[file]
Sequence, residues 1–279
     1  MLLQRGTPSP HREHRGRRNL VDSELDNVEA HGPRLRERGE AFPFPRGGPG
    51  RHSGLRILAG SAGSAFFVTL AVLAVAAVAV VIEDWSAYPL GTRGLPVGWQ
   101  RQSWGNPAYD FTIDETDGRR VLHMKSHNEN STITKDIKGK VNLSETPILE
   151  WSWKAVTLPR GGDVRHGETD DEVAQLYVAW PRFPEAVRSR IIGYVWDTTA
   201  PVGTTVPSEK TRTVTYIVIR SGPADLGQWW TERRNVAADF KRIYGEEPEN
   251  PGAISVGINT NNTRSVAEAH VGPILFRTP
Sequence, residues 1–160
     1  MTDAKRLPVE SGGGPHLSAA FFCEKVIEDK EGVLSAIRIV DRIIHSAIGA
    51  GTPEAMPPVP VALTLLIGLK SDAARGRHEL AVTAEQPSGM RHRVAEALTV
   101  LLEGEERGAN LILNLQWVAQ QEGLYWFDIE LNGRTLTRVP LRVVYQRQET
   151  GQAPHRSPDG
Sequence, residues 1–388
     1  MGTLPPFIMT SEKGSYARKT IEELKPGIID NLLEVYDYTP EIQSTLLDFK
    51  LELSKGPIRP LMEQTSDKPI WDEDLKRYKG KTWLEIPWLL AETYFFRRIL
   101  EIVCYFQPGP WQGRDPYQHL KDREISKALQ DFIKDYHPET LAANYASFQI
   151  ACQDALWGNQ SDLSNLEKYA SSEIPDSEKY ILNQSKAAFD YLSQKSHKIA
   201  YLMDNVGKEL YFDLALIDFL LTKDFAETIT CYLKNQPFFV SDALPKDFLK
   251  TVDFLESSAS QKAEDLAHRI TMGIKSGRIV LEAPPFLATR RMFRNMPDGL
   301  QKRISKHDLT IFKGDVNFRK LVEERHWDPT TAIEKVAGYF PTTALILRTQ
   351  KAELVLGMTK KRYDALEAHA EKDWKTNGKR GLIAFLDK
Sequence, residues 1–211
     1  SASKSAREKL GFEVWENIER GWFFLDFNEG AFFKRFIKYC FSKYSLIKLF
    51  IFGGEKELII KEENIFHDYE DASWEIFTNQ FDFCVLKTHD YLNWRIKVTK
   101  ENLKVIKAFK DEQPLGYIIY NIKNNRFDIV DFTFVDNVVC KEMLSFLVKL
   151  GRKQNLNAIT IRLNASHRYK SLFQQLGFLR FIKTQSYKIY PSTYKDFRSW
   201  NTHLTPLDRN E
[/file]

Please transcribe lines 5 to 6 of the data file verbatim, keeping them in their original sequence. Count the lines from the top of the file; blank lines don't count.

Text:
   151  WSWKAVTLPR GGDVRHGETD DEVAQLYVAW PRFPEAVRSR IIGYVWDTTA
   201  PVGTTVPSEK TRTVTYIVIR SGPADLGQWW TERRNVAADF KRIYGEEPEN